“With a project-based curriculum, learning suddenly comes alive for these kids, and they love it. More importantly though, it gives them a chance to take ownership of their own learning, they’re able to take the information they’re being taught and use it, not just memorize it, to receive a more rounded educational experience.”
“It’s the same with my youngest students as well. I teach four second grade classes, and those students have an engineering unit. One aspect of the unit is learning about various types of bridges, why there are different kinds, when you would use a specific bridge, etc.
I don’t ever test on this unit, instead we do something called ‘the elephant project.’ This project starts with a story of a family of elephants, a mommy, a daddy, and a baby. As the family goes on their daily walk, the baby elephant gets too far ahead of its parents and ends up on the other side of a bridge without his mommy and daddy. Now, the parents must cross the bridge to get their baby, and all three then need to cross it again to go back.”
The challenge then becomes building a bridge that can support the weight of two adult elephants and one baby elephant. So not only are the students faced with an assignment where they need to utilize their knowledge in science, but mathematics as well. “Additionally, they make the bridges from recycled materials and arts and crafts supplies, so we’re really combining the skills from all aspects of the student’s learning for this one project. The kids absolutely love it, it’s just so much fun.
We also take an annual trip to the Bronx Botanical Garden for their Holiday Train Show, which uses all natural tree materials to build historic buildings and bridges in New York City. This trip aligns with the bridge unit, so while we’re on the way to the garden itself, my students will yell for my attention every time we pass a new bridge to tell me what kind it is. That enjoyment and engagement is why this kind of curriculum is so important and successful, the students really want to learn and utilize all the information they’re gaining in the classroom. It maintains the natural curiosity and questioning that kids have.”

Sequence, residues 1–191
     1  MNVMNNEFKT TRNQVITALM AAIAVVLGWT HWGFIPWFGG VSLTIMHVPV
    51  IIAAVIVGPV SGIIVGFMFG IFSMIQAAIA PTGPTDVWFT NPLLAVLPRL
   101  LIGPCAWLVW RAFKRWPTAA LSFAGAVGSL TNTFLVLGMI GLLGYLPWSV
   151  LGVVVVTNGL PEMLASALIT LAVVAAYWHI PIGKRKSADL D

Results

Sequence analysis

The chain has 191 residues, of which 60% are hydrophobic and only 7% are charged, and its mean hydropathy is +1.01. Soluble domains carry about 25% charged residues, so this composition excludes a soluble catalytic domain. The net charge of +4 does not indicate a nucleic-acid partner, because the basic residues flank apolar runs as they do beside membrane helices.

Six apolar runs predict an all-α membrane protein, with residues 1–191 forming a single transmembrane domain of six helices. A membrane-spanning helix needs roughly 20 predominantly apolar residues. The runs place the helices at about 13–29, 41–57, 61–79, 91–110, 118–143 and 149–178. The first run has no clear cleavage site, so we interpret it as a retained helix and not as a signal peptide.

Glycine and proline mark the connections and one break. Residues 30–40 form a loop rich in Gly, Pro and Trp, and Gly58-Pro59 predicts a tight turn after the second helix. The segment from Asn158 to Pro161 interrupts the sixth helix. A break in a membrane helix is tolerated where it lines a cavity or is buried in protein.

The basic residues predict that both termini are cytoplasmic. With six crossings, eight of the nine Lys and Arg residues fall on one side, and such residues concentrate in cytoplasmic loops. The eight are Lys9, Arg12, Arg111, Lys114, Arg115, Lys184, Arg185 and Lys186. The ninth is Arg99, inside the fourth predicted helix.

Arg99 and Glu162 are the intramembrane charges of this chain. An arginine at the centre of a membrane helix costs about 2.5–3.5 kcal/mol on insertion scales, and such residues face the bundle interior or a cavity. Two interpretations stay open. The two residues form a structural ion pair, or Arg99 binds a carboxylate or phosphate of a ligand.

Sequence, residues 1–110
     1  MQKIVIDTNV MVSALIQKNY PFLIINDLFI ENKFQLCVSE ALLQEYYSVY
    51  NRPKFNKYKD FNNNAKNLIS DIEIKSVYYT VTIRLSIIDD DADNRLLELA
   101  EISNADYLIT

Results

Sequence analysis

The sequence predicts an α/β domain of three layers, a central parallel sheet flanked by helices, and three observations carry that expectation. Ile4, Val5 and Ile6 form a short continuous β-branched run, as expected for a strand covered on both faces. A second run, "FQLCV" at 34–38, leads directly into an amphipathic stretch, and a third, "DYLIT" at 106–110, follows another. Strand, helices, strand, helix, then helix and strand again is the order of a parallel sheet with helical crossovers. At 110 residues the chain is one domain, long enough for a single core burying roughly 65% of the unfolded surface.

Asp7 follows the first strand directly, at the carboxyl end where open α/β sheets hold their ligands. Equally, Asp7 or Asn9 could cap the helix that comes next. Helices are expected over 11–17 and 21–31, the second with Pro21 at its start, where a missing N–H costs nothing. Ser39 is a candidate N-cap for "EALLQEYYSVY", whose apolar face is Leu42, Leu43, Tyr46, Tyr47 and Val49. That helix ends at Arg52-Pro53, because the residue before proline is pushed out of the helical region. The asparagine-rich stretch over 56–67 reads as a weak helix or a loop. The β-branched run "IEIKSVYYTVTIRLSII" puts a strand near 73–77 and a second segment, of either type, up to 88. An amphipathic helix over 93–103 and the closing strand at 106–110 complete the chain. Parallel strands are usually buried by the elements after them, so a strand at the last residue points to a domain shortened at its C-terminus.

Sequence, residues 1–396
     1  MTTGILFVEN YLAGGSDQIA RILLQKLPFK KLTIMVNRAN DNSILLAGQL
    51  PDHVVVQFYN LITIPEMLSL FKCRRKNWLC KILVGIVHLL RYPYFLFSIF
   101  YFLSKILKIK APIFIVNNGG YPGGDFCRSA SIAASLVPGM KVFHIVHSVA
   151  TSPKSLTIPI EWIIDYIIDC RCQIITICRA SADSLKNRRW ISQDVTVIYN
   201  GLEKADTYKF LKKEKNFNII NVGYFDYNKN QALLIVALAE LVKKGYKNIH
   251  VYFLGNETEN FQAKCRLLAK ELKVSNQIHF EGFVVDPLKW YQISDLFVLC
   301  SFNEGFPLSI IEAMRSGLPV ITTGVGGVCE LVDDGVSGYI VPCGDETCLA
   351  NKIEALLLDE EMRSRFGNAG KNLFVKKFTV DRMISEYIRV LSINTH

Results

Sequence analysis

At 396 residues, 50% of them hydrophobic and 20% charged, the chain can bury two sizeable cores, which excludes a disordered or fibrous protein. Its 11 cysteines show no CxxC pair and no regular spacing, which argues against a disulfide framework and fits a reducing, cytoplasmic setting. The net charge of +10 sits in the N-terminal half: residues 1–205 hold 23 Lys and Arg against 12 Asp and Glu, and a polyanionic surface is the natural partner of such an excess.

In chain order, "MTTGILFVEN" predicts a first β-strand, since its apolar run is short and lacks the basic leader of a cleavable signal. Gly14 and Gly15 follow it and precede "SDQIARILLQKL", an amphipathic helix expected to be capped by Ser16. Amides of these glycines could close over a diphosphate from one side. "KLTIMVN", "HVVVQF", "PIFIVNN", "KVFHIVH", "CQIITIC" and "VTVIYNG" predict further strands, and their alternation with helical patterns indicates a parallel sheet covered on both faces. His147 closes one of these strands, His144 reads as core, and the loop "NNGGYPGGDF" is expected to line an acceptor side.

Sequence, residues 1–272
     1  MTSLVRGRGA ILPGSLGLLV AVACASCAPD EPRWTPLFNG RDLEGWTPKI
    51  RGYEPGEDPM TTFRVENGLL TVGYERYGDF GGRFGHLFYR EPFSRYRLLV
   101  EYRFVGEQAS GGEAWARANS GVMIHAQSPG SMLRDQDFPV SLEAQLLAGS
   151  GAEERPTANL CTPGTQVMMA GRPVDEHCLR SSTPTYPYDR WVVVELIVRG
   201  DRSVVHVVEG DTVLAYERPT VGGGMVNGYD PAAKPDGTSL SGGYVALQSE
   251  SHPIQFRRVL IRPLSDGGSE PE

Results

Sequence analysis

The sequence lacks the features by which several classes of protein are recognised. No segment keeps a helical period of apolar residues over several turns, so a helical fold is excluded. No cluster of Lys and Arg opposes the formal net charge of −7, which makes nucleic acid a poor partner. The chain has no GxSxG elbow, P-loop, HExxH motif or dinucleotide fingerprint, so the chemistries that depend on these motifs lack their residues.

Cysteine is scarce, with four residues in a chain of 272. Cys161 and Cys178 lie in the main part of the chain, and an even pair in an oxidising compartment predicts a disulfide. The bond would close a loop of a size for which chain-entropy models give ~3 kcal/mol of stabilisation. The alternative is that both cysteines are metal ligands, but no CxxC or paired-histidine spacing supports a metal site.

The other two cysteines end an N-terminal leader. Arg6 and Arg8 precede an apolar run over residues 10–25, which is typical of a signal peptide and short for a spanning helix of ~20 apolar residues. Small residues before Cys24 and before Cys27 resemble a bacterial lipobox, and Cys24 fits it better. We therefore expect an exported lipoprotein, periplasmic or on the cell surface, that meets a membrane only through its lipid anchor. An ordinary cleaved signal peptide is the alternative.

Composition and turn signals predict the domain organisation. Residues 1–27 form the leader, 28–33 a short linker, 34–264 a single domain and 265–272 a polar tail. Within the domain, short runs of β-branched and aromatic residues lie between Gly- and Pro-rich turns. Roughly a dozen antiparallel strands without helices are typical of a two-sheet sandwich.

This is also a good example of how interdisciplinary learning intertwines with the project-based curriculums. As the students are initially learning about the bridges, Joan explained, they’re also learning about the specific places around the world where they are, why they were built there, and are able to even relate it to their own lives because they may know family members who live in those parts of the world. So there’s that personal cultural element as well, which also feeds into the creation of an inclusive classroom.
“Speaking of Interdisciplinary learning we also do this amazing unit on extinct animals/fossils where we take the students to the Museum of Natural History. While at the museum, the art teacher encourages our students to utilize their sketching skills to draw the extinct animals they’re learning about. This way they’re embracing multiple subjects within a single lesson to motivate and encourage using multiple skills.”
It’s fair to say that when it comes to the lessons we learned in elementary school, the ones that stick out the most are the ones where we’re having fun, feeling engaged, and being creative. Joan recalled her own experiences as a student in third grade when they were learning about dinosaurs.